Subject: Re: Summary: Thoughts on implementing Scheme in C
From: (Rob Warnock)
Date: 11 Nov 2000 04:31:08 GMT
Newsgroups: comp.lang.scheme
Message-ID: <8uii2c$e9m7t$>
felix <> wrote:
| Rob Warnock wrote:
| >This is not obvious to me -- could you say more?  Since the environment
| >of the current closure is abandoned when making a tail call, I fail to
| >see the necessity of space-unsafety in the simple linked model.
| This problem is not so much related to tail-calls, it has something to do
| with the set of free variables: Linked closures keep a pointer to the
| complete lexically superior environment, even to variables that are not
| used by the current closure. When using flat closures, a closure *only*
| contains the variables that it really needs.

Yes, I understand all that, and I certainly grant that the simple
environment model is "space inefficient" compared to the "flat" model.
But you said, or at least implied, that the simple linked environment
model was (paraphrased) "space unsafe with respect to tail calls", not
merely "space inefficient". To me something isn't "space unsafe" unless
a (quasi-)infinite tail-call chain causes the retained (not-collected)
space to grow without limit.

So I still don't see what would make the simple linked model "unsafe"...

| >One such bit is enough to distinguish (say) fixnums from boxed/heap;
| >two is enough for fixnums, other-immediate (#t, #f, chars, etc.),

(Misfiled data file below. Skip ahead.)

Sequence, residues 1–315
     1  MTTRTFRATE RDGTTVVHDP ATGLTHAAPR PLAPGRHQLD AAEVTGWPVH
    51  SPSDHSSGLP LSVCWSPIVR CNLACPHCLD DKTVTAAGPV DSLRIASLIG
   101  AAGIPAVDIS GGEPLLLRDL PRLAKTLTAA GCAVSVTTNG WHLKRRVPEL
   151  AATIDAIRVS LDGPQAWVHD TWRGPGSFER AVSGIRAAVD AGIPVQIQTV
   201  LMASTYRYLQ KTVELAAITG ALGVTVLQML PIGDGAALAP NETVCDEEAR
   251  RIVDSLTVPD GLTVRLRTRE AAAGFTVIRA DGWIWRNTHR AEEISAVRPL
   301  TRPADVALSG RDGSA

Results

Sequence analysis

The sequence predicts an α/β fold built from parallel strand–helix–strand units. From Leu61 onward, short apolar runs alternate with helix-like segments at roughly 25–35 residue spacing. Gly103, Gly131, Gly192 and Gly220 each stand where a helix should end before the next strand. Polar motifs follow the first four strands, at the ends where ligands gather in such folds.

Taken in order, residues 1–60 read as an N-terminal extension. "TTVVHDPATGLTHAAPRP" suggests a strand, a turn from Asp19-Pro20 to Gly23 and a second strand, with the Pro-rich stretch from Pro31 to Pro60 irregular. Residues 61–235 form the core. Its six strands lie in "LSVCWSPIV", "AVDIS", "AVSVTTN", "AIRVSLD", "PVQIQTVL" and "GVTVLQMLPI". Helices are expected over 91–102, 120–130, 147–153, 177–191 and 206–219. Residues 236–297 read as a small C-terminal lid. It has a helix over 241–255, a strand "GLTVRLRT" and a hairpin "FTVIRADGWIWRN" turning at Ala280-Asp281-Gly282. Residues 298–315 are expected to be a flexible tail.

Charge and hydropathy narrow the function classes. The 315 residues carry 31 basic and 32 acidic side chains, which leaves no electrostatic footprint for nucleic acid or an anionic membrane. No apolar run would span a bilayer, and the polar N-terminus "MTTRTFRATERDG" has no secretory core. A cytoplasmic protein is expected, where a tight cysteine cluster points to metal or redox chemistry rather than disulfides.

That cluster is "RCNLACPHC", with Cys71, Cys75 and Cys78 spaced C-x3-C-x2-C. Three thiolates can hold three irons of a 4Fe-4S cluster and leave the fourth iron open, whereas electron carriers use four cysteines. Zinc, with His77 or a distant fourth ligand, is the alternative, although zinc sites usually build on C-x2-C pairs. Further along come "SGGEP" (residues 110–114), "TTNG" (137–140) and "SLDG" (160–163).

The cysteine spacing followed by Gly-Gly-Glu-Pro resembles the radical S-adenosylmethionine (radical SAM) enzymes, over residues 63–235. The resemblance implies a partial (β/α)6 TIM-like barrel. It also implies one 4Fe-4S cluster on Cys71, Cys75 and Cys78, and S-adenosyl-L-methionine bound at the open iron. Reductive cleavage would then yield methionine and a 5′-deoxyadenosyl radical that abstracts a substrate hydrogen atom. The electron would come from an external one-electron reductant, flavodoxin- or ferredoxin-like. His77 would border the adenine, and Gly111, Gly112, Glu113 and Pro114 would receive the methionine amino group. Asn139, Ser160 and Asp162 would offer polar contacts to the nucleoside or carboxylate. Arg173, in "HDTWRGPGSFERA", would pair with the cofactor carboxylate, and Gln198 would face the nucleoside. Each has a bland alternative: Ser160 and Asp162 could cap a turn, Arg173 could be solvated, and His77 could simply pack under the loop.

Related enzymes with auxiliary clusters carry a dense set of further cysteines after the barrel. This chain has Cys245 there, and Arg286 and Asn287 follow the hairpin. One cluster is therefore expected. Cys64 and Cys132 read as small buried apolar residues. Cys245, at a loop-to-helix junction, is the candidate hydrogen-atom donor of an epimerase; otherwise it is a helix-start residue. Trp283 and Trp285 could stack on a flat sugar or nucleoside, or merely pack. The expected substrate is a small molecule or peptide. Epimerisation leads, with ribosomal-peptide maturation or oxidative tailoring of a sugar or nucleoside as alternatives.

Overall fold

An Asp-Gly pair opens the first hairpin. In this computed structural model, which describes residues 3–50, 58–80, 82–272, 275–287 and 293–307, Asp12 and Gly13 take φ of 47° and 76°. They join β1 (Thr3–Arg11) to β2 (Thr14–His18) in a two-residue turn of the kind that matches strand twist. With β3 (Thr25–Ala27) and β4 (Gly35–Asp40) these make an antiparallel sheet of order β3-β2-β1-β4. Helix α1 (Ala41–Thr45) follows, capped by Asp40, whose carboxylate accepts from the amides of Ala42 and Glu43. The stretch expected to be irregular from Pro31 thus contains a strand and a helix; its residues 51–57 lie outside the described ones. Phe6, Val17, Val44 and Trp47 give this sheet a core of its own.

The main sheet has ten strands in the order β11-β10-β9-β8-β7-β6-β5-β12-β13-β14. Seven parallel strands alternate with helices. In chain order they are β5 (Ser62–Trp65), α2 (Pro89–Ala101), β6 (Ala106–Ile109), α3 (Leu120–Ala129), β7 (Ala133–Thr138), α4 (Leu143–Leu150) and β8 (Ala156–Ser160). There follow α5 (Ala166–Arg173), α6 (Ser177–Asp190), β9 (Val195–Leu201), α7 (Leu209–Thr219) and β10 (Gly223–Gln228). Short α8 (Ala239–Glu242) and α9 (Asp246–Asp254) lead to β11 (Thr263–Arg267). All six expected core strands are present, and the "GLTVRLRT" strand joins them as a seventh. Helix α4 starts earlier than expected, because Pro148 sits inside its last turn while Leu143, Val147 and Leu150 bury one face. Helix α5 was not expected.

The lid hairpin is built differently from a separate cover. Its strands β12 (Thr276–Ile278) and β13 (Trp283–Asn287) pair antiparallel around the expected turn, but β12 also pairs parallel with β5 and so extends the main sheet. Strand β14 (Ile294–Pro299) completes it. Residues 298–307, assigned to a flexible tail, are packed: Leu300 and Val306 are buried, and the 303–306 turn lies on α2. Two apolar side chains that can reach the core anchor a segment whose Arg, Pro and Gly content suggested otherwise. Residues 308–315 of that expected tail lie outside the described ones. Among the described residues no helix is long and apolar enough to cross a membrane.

| >boxed, and "broken heart" (for copying GCs); three [a common case]
| >is a *wealth* of riches!! [CMUCL uses 3 bits, doesn't it?]
| The "broken heart" (isn't it a lovely term?) is only needed for boxed
| values: some special header-value is enough. No need for a tag bit.

Well, that depends on your heap format. I agree that if the smallest
possible heap object is two pointers (or bigger), the "broken heart"
can be any old distinguished pointer-sized value, with the following
pointer word containing the "forwarding" address of the relocated object.
But if, in some hypothetical implementation, it is possible to have
one-word "singleton" heap objects, then you might not *have* any place
to put the forwarding pointer.

Consider, for example, an implementation in which the first word
of a heap object is not a type word full of bits and/or subfields
(length, type, subtype, whatever), but instead is a full pointer to
the "type object" of the heap object's type (which might be the case
if you have a builtin object system, say). In such cases, one might
define a class with no slots per se, only object identity (and perhaps
parent class methods). In that case, (make-foo) or (make-instance <foo>)
might allocate only one word of heap, containing a pointer to the
<foo> (sub)class type object. In such cases, it is useful to have
a broken heart that is *also* a forwarding pointer.


Rob Warnock, 31-2-510
Network Engineering
Silicon Graphics, Inc.		Phone: 650-933-1673
1600 Amphitheatre Pkwy.		PP-ASEL-IA
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